It is likely that some Neolithic woman in the Fertile Crescent discovered that cooking the whey leftover from cheese-making yielded…more cheese.

    When the whey is boiled again, the remaining keratin proteins in it create solids that float to the top, clumping together in a form that can be skimmed off (photo #1).

    The Neolithic period was followed by the Bronze Age. Archaeological evidence dates the production of ricotta on the Italian peninsula to the second millennium B.C.E.

    Most scholars agree that ricotta came to Italy by way of Sicily, and was likely first made from sheep’s milk (sheep were the mainstay of the island).

    Over time, the “recipe” for ricotta spread north to the rest of Italy. Its sweet, milky, fresh flavor and soft, creamy consistency was delicious and versatile for cooking or enjoying in its plain state.

    In addition to sheep’s milk, ricotta was made from the milk of cows, goats, and water buffaloes, depending on the region.

    By the height of the Holy Roman Empire, ricotta was widespread throughout Rome and beyond, in the form in which you find it today. The process is the same—boiling the whey and skimming the curds [source].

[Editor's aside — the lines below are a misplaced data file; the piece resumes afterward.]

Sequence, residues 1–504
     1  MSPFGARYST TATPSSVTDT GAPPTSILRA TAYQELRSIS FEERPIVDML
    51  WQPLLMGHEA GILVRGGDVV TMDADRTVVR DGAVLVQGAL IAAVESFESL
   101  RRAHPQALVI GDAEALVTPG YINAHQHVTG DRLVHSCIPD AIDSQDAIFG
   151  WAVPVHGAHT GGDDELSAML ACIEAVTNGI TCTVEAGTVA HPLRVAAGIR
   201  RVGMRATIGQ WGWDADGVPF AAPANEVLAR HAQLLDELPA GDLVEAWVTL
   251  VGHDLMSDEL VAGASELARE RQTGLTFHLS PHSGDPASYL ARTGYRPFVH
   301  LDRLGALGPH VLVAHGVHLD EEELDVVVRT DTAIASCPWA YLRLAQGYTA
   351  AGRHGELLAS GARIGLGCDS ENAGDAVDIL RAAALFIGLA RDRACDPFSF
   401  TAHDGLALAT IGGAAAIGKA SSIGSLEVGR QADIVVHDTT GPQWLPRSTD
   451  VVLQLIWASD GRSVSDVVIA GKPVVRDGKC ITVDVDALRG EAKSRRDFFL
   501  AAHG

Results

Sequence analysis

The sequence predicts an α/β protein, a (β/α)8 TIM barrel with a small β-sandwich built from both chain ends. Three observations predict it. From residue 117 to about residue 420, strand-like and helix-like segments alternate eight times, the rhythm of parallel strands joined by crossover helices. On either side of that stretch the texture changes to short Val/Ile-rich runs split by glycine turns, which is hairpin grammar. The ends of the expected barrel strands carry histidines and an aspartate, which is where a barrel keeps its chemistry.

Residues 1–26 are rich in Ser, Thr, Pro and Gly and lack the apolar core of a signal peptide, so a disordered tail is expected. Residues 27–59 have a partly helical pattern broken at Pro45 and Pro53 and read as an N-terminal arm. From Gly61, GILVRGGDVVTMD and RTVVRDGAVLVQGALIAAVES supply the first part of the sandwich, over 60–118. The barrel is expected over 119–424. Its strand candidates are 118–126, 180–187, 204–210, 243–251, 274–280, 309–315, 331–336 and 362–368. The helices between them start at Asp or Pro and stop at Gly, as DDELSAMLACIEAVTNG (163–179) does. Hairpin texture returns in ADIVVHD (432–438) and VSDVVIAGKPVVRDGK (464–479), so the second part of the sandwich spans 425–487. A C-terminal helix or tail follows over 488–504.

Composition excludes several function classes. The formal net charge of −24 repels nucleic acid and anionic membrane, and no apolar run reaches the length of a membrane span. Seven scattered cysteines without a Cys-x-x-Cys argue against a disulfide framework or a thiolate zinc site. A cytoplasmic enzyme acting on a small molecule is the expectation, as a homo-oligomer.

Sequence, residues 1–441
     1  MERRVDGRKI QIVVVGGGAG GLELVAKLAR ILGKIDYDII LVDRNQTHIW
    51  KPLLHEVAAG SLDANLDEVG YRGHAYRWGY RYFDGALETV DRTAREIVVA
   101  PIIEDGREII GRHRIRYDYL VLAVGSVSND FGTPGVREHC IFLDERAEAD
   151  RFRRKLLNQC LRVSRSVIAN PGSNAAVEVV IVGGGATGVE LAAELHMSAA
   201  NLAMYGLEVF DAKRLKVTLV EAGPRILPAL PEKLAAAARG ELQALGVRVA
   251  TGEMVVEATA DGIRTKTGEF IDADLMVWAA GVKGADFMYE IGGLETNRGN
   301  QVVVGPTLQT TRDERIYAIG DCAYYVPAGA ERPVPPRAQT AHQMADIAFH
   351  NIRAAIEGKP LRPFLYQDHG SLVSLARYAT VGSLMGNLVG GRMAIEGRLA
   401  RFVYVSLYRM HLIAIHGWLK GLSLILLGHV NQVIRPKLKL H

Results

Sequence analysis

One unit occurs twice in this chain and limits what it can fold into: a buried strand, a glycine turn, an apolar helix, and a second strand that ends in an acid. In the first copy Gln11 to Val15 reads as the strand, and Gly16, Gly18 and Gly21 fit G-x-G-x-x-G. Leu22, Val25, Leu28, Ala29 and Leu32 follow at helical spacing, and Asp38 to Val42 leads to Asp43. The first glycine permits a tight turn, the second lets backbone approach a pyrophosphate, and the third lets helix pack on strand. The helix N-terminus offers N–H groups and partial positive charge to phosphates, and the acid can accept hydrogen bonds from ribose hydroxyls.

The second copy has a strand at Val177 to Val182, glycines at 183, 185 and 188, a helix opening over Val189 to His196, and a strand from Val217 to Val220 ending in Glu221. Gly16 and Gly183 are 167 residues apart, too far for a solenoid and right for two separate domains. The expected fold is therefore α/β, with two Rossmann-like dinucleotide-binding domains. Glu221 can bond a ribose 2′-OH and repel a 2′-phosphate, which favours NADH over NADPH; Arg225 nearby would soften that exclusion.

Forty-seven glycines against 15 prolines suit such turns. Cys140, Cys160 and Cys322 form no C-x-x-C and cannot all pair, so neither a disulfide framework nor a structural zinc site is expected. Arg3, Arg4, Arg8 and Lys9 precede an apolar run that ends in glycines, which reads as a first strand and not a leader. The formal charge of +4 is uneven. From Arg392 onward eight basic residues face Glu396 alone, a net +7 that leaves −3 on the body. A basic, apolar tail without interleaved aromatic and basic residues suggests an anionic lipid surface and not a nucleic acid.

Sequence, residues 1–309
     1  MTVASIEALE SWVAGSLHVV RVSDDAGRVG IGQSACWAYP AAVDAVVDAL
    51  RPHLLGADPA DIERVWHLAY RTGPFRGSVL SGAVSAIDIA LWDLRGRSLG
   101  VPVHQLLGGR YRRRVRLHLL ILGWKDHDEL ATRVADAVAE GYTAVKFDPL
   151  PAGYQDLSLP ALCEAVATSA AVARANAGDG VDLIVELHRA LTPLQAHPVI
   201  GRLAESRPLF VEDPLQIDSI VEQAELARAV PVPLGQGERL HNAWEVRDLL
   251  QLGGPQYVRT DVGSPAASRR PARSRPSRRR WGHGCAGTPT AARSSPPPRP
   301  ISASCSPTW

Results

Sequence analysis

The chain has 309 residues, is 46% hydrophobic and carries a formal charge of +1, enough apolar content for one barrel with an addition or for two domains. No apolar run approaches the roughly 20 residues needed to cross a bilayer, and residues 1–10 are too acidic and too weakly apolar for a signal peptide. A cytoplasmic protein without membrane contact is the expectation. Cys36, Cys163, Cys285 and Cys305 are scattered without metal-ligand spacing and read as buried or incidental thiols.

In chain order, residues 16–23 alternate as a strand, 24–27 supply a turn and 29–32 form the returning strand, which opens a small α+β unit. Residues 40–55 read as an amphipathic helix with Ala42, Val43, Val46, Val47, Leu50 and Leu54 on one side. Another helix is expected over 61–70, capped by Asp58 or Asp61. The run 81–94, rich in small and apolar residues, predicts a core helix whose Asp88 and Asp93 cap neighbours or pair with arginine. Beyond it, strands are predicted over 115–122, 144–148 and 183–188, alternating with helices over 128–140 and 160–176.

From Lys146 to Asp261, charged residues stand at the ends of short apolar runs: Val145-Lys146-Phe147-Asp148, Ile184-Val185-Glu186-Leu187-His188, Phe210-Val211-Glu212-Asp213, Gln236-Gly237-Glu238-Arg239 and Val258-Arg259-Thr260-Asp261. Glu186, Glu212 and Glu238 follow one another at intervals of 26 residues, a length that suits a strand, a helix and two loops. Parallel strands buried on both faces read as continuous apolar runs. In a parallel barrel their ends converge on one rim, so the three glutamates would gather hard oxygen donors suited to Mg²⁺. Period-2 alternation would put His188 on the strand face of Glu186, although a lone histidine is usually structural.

However, the fresh ricotta was very perishable. Over time, cheesemakers learned how to turn fresh ricotta into two variations with longer staying power: ricotta salata and ricotta affumicata.

  • Ricotta salata is salted (salata means salted in Italian). The fresh ricotta is lightly salted, packed into round molds, and then aged for 60 to 90 days. It turns into a crumbly solid form (photo #4), while still retaining its milky flavors (saltiness replaces the sweetness of the fresh cheese).
  • Ricotta affumicata (affumicata means smoked) is lightly salted and packed into molds of truncated cone shape (photos #5 and #6). The curds are aged, and then smoked and matured for about a month.
    It’s not easy to find ricotta affumicata in the U.S. We couldn’t even find it on Amazon!

    But if you happen to be in Italy, and can bring some back, your cheese-loving friends would be delighted to join you and the affumicata in a tasting experience along with fresh ricotta and ricotta salata.


    *The Stone Age was a broad prehistoric period during which man used stone to make tools with an edge, a point, or a percussion surface. The Neolithic period, or New Stone Age, is the final part of the Stone Age. It spanned 10,000 B.C.E. to 4,500 B.C.E. The last great ice age ended, and the nomadic hunter-gatherers settled down to raise their food via farming. The earliest farmers lived in the Fertile Crescent, a region that included modern-day western Iran, Iraq, Israel, Jordan, Palestine, southeastern Turkey, and Syria. Here’s more about it. The Neolithic was followed by the Bronze Age, which saw the development of metal tools.